People across Europe read with alarm yesterday's news that a woman in Austria, had been held captive in a basement by her father for twenty-four years. In that time she was raped repeatedly so that she bore him seven children, one of whom died.
The woman was in her early twenties when she was locked in the four-roomed basement. Now in her forties, she apparently opened up to police only when she was assured she would never see her father again.
The man, now in his seventies, is now being held by police.
Perhaps the most tragic part of this story is that nobody in the area knew what was going on. Even within the house itself, three of the children lived on the upper floors, and had been told that their mother had run off years ago, leaving their grandfather to care for them.
These three went to school each day totally oblivious to the tragedy unfolding just below their feet.
One man, identified by Austrian TV as a neighbour of the man now held by police, looked in utter disbelief at the now infamous house of captivity.
Wide eyed, he said: 'I can't believe this. It all went on just over there. How could this happen? How could nobody know about it?'
This, of course, is the second story about a woman held captive to emerge from Austria in the past two years.
Some might see this as a blight on Austria - and it is - but it is also a blight on the rest of western society. We all share a detachment from our neighbour which makes this kind of thing, while unlikely, still very possible.
In an increasingly hi-tech age, we are sadly becoming increasingly low-touch. I asked a large group of under thirty-year-olds in London recently if they turned off their PCs or mobile phones, would they have any friends.
So much of our 'communication' is via electronic gadgets these days. One wonders whether we have communication without real connection.
The story is told of a man who stood day after day by the doors of a bank of elevators in the lobby of a New York skyscraper. Asked why he did this, he replied simply: 'I wait for people to brush past me - I just need to be touched.'
Yesterday, Baroness Susan Greenfield, the famous neuroscientist based at Oxford University, described her concern for young people who are playing PC games ad infinitum.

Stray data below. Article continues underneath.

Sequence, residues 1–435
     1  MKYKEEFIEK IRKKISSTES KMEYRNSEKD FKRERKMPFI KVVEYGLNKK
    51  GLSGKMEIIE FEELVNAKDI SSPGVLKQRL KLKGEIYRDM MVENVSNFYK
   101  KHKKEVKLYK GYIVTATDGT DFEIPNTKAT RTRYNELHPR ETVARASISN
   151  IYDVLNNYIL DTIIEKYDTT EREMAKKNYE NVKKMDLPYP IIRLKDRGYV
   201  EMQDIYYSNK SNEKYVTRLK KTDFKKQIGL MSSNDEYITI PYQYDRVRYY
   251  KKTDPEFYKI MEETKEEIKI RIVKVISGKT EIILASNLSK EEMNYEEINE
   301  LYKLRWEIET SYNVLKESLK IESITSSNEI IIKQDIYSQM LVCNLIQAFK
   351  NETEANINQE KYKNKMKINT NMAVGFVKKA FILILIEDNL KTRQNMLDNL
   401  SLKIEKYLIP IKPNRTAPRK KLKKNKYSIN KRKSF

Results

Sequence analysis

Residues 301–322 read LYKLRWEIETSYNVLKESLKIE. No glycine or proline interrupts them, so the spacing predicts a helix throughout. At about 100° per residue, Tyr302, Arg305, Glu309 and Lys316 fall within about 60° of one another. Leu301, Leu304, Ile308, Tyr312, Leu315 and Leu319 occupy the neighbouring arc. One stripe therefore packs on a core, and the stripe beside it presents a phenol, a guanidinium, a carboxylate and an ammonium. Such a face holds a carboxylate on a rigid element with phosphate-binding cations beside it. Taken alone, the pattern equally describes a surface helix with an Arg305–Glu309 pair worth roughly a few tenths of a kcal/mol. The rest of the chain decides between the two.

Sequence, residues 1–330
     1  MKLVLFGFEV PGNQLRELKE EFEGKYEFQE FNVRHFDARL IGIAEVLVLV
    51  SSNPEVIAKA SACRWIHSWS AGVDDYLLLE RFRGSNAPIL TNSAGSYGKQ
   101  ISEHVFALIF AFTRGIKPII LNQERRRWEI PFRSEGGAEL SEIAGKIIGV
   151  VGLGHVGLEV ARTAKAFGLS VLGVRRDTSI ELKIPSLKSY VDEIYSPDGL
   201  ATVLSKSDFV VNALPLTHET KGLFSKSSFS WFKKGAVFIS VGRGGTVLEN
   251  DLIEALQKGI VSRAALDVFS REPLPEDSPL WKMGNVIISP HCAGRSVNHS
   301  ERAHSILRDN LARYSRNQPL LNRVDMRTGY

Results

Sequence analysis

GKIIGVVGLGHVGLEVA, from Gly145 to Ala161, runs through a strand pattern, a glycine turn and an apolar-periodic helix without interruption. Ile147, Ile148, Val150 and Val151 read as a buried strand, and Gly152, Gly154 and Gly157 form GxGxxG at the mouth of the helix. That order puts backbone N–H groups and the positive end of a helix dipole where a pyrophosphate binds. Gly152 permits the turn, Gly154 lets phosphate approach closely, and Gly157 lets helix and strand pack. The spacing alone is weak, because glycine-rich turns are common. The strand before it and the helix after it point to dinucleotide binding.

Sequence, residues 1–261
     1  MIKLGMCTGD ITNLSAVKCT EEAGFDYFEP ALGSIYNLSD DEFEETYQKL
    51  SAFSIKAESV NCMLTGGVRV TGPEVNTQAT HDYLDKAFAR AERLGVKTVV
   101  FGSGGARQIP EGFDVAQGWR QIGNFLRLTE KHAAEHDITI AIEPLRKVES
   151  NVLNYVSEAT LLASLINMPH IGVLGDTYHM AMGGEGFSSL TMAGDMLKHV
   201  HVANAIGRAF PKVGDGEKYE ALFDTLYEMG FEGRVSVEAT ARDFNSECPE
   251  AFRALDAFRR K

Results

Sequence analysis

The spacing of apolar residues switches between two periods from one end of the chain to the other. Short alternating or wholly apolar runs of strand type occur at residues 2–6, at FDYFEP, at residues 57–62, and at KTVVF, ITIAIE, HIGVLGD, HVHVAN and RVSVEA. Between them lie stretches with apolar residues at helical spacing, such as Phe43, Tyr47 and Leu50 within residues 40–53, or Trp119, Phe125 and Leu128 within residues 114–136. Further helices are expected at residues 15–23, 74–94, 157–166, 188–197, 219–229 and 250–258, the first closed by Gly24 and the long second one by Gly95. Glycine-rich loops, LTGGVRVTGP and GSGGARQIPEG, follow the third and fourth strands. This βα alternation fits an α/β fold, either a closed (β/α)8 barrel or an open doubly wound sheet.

Her study of the brain has led her to believe that by playing too many games, young people are actually reshaping the structure of their brains, so that they disconnect their actions from consequences.
She wondered aloud whether the recent story of British teenagers who laughed and joked while kicking another teen to death was a reflection of this disconnect.
Perhaps, she said, they were just in it for the experience, the in-the-moment 'rush', and gave no thought to the girl's own story, or her place as a real human being.
What does this have to do with a captive woman in Austria? Nothing directly; but it illustrates from a different angle the growing alienation in western society.
People of all ages keep to themselves. The young hide behind their games, their elders behind consumerism and other forms of escapism.
Events like Live8 a few years ago served as a powerful reminder of the fact that people today are socially aware; they do have a social conscience.
However, perhaps it is easier to love a 'neighbour' if he's in Africa than if he lives just up the street.
Perhaps we're only willing to really connect with people when we can easily disconnect again at any time, without too much disruption to our lives.
For my part, I have to admit that I know very little about the people who live in the next house to mine. They seem to have a great family life, and they're always very pleasant and friendly in conversation. But I don't really know any more than that - and that's a reflection of my priorities I suppose.
I know people on the other side of the world better than I know these folks who live on my doorstep.
In the end, we can blame our busy lifestyles for a lack of connection. But busyness is not the same as significance. Achieving the latter begins when we love our neighbour - and not just the neighbour on the other side of the world; and not just ''love' in an ethereal sense, but tangibly, with actions.
For now, we can pray for the Austrian woman and her children. The road to recovery will be a very long one indeed, and perhaps outside of a miracle from above they may never be completely free of the terror they've endured.
However, we can also take this as a parable of modern life and resolve within ourselves to do more to connect with those who live and work close by.
Copyright Mal Fletcher 2008